Great Britain had notable penchant for installing pompous, condescending asses as governors of their colonial possessions, and Josiah Martin, the last royal governor of North Carolina and the man who finished his term while ruling from a ship off the NC coast, appears to have been no exception.
Born in Dublin in 1737, he spent his early years in England and Ireland before traveling with his tutor to the West Indies in 1752 at age 15.
However, Martin did not care for the tropical climate in Antigua, and within a short time had made his way to London to study law, according to NCpedia, an online encyclopedia devoted to North Carolina.
In London, Martin benefitted from the influence of his older half-brother, Samuel, a member of Parliament, to gain favorable positions, and dropped a career in law for the military.
The nepotism paid off when Lord Hillsborough, the secretary of the colonies, was shuffling leadership posts in 1770, according to NCpedia.
North Carolina’s colonial governor William Tryon was transferred to New York to assume that colony’s governorship and Martin, though only 34, was named to succeed him in North Carolina.
Relations between the British and their American colonies were deteriorating all along the Atlantic Coast, so it’s not surprising that Martin inherited a passel of problems when he took over as colonial governor.
- Hard feelings related to the War of the Regulation, a movement initiated by North Carolina backcountry residents who believed that royal government officials were charging them excessive fees, falsifying records and engaging in other misdeeds;
- An ongoing boundary dispute with South Carolina; and
- Controversy over colonists’ rights over non-resident debtors.
While Martin was able to calm some of the antipathy related to the Regulator Movement, his inflexible loyalty to the crown rankled many North Carolinians.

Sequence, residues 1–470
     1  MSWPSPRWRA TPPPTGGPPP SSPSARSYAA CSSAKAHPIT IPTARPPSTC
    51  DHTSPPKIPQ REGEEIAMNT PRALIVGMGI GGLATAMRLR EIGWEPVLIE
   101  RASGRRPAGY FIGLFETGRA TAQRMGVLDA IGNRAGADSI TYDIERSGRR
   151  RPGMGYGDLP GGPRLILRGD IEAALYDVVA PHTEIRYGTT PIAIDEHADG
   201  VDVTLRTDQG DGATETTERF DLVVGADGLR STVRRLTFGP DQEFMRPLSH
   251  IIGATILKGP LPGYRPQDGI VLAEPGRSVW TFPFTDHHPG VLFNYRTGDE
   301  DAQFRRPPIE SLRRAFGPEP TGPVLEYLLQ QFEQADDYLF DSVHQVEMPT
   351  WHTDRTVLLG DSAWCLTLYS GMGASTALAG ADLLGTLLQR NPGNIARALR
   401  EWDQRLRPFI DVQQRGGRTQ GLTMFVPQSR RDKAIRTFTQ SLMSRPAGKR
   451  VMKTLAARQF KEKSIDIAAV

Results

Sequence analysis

In 1773 the state legislature tacked onto the court law bill a foreign attachment clause, “permitting colonists to recover debts owed by non-residents who owned property in North Carolina,” according to NCpedia.
Martin, however, vetoed the bill because the attachment clause was unfavorable to the crown. The end result was that they colony was left without a court system, for which the colonists placed blame on royal officials.
Relations between Martin and his subjects deteriorated. The First Provincial Congress was convened in New Bern, NC, in 1774, and it was recommended that counties form committees of safety, a move to supplant royal authority.
Martin reacted by sending his family to New York, and he himself fled under cover of darkness on this date in 1775 from the royal palace in New Bern to nearby Fort Johnston, in what is today Southport, NC.
With an aristocrat’s sneer, he described the fort, at the mouth of the Cape Fear River, as “a wretched little place,” according to the blog This Day in North Carolina History.
He stayed in Southport until he learned of a plot to take the fort, when he moved his headquarters offshore to the war sloop HMS Cruizer.
American patriots would eventually destroyed Fort Johnston.
The Cruizer would remain Martin’s headquarters through the summer and fall.
From aboard the ship, on Aug. 8, he issued a proclamation denouncing the safety committees, according to This Day in North Carolina History, a project of the North Carolina Department of Cultural Resources.
Martin’s career ended on a sour note. He stayed in New York with his family during the first half of the American Revolution, during which time his wife died and all his property in North Carolina was sold.
Late in the war, still optimistic that he could regain his royal post, he joined Lord Cornwallis to try to rally loyalist troops in North Carolina.
According to an 1850 work by 19th century American history Benson J. Lossing, Martin fought under Cornwallis in the 1780 Battle of Camden in which the British defeated Patriot forces.
Lossing wrote that Martin stayed with Cornwallis in South Carolina as late as April 1781, when impaired health caused him to leave for England.
Martin died in 1786 and is buried at St. George’s Parish Church in London.
(Top: A sketch of the original Tryon Palace in New Bern, NC, where Josiah Martin lived while governer from 1771-75.)